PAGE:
Brown mouse lemurs are small, big-eyed nocturnal primates that dwell in the dense rainforests of Madagascar. Mouse lemurs are the only known host of the parasitic louse Lemurpediculus verruculosus. The lice are evolved to stay attached to the sparse hair of the lemurs' ears, but lice can also be found on the eyelids and testicles. The lice can only survive for a couple of hours without their host. Therefore, if a louse changes host, it happens mainly by direct contact.
A team of researchers from Finland, USA and Madagascar decided to tag individual lice from trapped lemurs to see what kind of social interactions the lemurs might have. – We used coloured nail varnish for tagging, tells Sarah Zohdy from the University of Helsinki about the methods.
After lice tagging, mouse lemurs were set free again. After that, each trapped lemur was checked for coloured lice. Results show that lice were transferred between 43% of the population. All of them were males who from previous studies are known to share nest-holes. – However, louse transfer peaked during the breeding season, indicating a greater number of social interactions. Probably the contacts were conflicts over females, Sarah Zohdy explains.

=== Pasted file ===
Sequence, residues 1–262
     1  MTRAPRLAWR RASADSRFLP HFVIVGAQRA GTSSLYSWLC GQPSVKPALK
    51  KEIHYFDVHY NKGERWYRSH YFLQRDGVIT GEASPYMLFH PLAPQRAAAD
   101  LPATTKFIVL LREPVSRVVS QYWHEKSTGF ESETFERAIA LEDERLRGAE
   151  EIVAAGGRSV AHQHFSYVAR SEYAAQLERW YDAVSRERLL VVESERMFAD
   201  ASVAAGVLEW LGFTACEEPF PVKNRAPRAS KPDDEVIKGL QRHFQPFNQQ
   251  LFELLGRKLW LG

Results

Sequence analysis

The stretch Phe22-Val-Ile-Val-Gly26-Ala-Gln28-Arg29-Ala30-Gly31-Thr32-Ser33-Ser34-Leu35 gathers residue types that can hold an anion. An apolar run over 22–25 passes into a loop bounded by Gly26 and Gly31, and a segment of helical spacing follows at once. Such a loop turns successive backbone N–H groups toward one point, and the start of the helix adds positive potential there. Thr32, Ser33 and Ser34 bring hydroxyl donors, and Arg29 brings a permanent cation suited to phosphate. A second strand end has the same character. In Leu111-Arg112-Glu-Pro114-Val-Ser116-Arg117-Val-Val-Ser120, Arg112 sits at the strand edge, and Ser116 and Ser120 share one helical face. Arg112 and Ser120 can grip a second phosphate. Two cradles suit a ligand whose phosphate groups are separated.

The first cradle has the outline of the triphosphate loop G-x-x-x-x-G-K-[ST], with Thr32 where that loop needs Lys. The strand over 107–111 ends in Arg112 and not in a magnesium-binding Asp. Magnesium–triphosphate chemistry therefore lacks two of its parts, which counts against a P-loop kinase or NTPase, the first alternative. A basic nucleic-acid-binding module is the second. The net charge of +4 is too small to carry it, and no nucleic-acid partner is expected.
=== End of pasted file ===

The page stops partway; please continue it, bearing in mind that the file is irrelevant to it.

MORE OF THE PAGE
Louse transfer did not correlate with lemur age. The eldest male had a heavy louse infestation and collected lice from many donors. The youngest male had the worst louse infestation but donated only one louse. Some males appeared to be superspreaders donating but not collecting lice.
Louse transfer showed that the mouse lemurs travel greater distances and interact over a wider geographic area than previously was thought.
Mapping the Social Network: Tracking lice in a wild primate (Microcebus rufus) population to infer social contacts and vector potential. Sarah Zohdy, Addison D Kemp, Lance A Durden, Patricia C Wright and Jukka Jernvall. BMC Ecology
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